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If you're the parent of a child with an Autism Spectrum Disorder (ASD), you know that dealing with the diagnosis can be tough at times. If your little one doesn't suffer from ASD, however, it's possible that you may be confused about the causes, symptoms, and behaviors associated with autism. As a result, you or your kids may shy away from children with ASD, allowing the fear of saying or doing something hurtful or offensive to prevent new friendships from forming.
With the number of autistic kids on the rise (The Center for Disease Control just released a report that 1 in 88 children are diagnosed with ASD), it's more important than ever to get the facts, and learn how you can help moms, dads and children dealing with ASD. Echoes CDC Director Thomas Frieden, "One thing the data tells us with certainty—there are more children and families that need help."
Frieden's statement sends a clear message to parents: even if your family isn't directly affected by ASD, it's important to step up and figure out how you can make a difference. If you'd like to volunteer but aren't sure where to start, get started with these six tips:
- Learn the facts. You probably don't know much about ASD, so make an effort to familiarize yourself with the disorder. As a starting point, Dr. Rhea Paul, the Founder and Director of the Department of Speech-Language Pathology at Sacred Heart University, recommends resources from the Department of Health and Human Services and the Centers for Disease Control. In addition to brushing up on the basics, learn to separate fact from fiction when checking up on the latest research. Dr. Paul cautions that red flags include claims of cures for ASD, as well as "outcomes backed by testimonials only without reference to medical or scientific findings."
- Educate your kid. Teach your child respectful behavior when meeting an autistic peer—or anyone labeled "different" by others. Kids often shy away from other children with autism because they don't understand the disorder, so encourage her to be accepting. "Parents can help unaffected children to learn to play with and accept children with ASD simply by explaining to them that some children are different and learn differently, so they are not confused and frightened by unusual behaviors they see," explains Dr. Paul. "They can then be encouraged to be 'good teachers' for children who may need to learn how to play, and, again, to invite them to play with what they are playing with [and] show them appropriate ways to use toys."
- Plan ahead. Families with a kid suffering from ASD often feel isolated and cut off from typical activities, so make an extra effort to be inclusive of ASD children when planning your little one's next play group or birthday party. Go the extra mile by taking the time to plan a few ASD-friendly activities like painting, a matching game or anything that stimulates different senses. Dr. Paul recommends "back-and-forth" games like catch, which make it easy get a rhythm going and keep all kids involved.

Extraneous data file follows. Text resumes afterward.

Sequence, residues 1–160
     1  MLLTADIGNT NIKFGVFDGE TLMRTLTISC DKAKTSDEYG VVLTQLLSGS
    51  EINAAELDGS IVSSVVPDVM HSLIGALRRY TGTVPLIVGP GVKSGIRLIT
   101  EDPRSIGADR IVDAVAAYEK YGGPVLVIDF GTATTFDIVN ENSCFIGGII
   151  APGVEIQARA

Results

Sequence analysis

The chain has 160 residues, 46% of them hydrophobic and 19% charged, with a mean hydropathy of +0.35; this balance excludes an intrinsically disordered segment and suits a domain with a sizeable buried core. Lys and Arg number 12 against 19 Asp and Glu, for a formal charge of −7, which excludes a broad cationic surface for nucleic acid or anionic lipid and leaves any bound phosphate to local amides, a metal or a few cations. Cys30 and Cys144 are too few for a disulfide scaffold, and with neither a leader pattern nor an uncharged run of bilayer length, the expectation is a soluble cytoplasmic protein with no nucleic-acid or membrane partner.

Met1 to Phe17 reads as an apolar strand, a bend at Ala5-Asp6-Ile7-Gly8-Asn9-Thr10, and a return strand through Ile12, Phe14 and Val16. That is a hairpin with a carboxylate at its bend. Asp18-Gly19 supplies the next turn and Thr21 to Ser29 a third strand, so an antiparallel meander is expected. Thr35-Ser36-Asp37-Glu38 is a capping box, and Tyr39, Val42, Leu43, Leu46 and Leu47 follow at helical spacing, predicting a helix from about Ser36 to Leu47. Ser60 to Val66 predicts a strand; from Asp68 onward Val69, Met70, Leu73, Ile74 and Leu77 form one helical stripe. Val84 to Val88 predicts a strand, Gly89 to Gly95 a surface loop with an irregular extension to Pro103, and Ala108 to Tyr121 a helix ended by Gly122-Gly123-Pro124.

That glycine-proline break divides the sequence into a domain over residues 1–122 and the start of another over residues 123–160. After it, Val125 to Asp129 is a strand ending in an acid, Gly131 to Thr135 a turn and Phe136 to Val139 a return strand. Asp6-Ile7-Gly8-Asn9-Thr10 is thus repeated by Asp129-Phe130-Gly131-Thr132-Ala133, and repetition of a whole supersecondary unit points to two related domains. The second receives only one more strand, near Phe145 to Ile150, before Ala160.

- Watch your words. Since autism's more prevalent than ever, it's crucial to always set an example of how to act and speak in respectful ways. In addition to (obviously) avoiding hurtful statements, refrain from making snap judgments about other children's behavior, or categorizing it as bizarre until you know the full story. Should you hear any rude remarks from your child, sit her down and explain right away that teasing won't be tolerated, and that it's not okay to treat others with disrespect—no matter how different they may seem.
- Lend a hand...or an ear. Show support to the mama of the autistic child in your kid's class—especially if you have any experience with ASD or special education training. Offer to babysit while she takes time to unwind or get personal business done. Spending time with someone new can benefit an ASD child, Dr. Paul notes. "[It] can often supplement [a] child's intervention as they play with him/her." If you don't feel comfortable as a sitter, whip up a comforting casserole, lend a hand with cleaning, or just listen patiently if a parent wants to talk.
- Support research. Investment in research is always needed to help the world learn more about the causes, diagnosis, and treatment of ASD—if you're passionate, put your money where your mouth is. "There is a lot of research going on in the area of drug discovery, and I think additional useful medications will be identified in the near future," notes Dr. Paul. "There is also a lot of genetic research going on that may help us to understand the mechanisms of ASD, and this, too, may lead to new drugs or other medical interventions." Whether you can contribute a lot or a little to an autism research fund, you'll be making a positive impact with anything you can give. If you're not sure which cause to support, Dr. Paul recommends the Autism Science Foundation.
Raising a child with ASD requires patience from parents, siblings, and all involved in the life of the child. By working hard to help out those who may be affected, you not only make an impact in the lives of families dealing with ASD, but teach your own kids a strong lesson about tolerance, kindness, and the power of goodwill.
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